Step 3: 3D Print the Speaker Enclosure

For this project, we used an Objet Connex 500 3D printer by Stratasys. The rubber base was made in TangoBlack Plus and the crystals were made out of Vero Clear. I took around 40 hours to print the pair.

Once they are printed, you have to clean them up with a pressure washer and wet sand them to the desired finish.

Step 4: Add Lights

Because we were dealing with a clear material. it was only natural that we added lights. We worked with a new startup called LumiGeek to control individually addressable LED strips inside each speaker. They are controllable through an iPad app, and are audio responsive. You can check them out in action here:




If you want to make your own lights, head over to LumiGeek's site to sign-up for more info:
http://www.lumigeek.com/

Step 5: Variations

Using the Topology tool in 3ds Max, you can make a ton of cool patterns and shapes. If you start with a simple plane, you can use an FFD box in 3ds Max to manipulate it into whatever shape you want. You don't have to stick to a sphere.

Step 6: Final Speakers

The possibilities are endless...

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    user

    We have a be nice policy.
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    62 Comments

    I designed this cool enclosure for use on a REGULAR home 3D printer
    Download it for free from my thingiverse.com account:
    http://www.thingiverse.com/thing:69452

    Enjoy,
    3Dizingof.com

    none of the links you have posted work

    I figuired out how to load this .stl file, but the 3d printer site scaled it down to 10% and while about 95% of the "diamond shapes" are okay, some look broken by their "corrections". How can I shrink this by 90% or would you be able to help with this part?

    I made this design for personal home 3d printers that have the capability to 3d print at this size.
    Note: i designed the enclosure for a 4" Speaker so downscaling it or upscaling it will affect the Speaker opening..where you mount the speaker.

    Use a home 3d printer + natural (clear/transparent) PLA filament.


    Dizingof
    www.thingiverse.com/dizingof - Over 170 Free designs for your 3d printer.
    www.3Dizingof.com






    I'm going to pick up some clear PLA in my next order. So I can try printing this on my Mendel90.

    Oh FYI, I think they're using 3" drivers for the speakers. As one of the posts above mentions this URL: http://www.parts-express.com/pe/showdetl.cfm?partnumber=264-902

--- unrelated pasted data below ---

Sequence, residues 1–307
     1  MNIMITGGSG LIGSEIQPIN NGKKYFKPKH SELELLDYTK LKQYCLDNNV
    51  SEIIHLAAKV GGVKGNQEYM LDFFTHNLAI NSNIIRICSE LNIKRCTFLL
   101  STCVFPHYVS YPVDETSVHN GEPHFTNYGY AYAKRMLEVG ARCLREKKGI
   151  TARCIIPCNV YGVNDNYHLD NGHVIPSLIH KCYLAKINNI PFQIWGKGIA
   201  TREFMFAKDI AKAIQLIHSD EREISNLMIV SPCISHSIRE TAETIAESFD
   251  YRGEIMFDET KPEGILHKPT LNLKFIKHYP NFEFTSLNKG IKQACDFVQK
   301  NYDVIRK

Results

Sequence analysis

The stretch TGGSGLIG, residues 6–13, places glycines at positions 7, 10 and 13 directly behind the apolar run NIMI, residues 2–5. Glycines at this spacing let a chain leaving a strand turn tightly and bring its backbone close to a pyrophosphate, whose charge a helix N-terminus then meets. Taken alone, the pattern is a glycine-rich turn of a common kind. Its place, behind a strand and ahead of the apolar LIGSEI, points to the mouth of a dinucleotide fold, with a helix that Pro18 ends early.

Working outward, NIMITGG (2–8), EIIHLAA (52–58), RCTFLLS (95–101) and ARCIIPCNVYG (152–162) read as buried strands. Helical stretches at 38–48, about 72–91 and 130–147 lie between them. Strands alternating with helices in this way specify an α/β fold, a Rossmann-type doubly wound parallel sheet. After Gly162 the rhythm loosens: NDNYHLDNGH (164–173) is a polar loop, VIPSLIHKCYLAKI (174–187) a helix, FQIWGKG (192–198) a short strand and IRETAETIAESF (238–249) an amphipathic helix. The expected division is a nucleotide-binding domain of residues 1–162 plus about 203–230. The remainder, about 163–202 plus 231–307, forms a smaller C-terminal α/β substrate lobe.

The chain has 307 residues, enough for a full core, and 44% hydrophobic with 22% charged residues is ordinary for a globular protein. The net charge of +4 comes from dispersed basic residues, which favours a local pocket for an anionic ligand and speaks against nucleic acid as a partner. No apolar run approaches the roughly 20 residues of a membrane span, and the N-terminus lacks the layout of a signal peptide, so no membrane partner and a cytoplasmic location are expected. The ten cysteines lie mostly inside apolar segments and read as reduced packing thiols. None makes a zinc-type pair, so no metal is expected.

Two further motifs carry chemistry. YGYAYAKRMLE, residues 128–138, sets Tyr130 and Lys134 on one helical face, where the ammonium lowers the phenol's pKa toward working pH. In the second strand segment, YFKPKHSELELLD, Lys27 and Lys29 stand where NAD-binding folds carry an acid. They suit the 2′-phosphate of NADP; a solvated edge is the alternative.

Thank you. What program do you run this in? I've modeled 3D objects before, so I'm not totally lost.

    user

    Is there any way to get the STL files ? Or perhaps an update version of the tutorial ?

    From a speaker design standpoint, its a rather boring closed ball. Technically, the rubber base cavities could help disperse internal resonant frequencies, but its a pointless effort with such a small cone area driver. Also, they have to take much care to make the box airtight. Lots of contact points and small nooks can let tiny amounts of air to escape, diminishing the overall efficency of the enclosure. Concluding from this, these "speakers" are designed to show the capabilities of the printer. Also, in the audio reactivity test, its clear that the tiny drivers do not work in this enclosure. Listening to the lower frequency response, it's clear they made a poor choice with the driver. The ratio between cone area and linear excursion is way off for this type of enclosure. They make an interesting lamp, for sure. But a shitty pair of speakers. These would work great with FE103e drivers in the ball and a down-firing 6,5-8" woofer in a cylindrical box underneath...

    "Concluding from this, these "speakers" are designed to show the capabilities of the printer."

    Maybe if you did a little reading before being pompous, you wouldn't look like a fool to a stranger years later.

    "This project was a demonstration of the potential of 3D printers to create high-fidelity, finished products. We wanted to create something that could only be created by means of additive manufacturing. The ultimate goal was to create a functional, consumer-ready piece that took advantage of the strengths of 3D printing."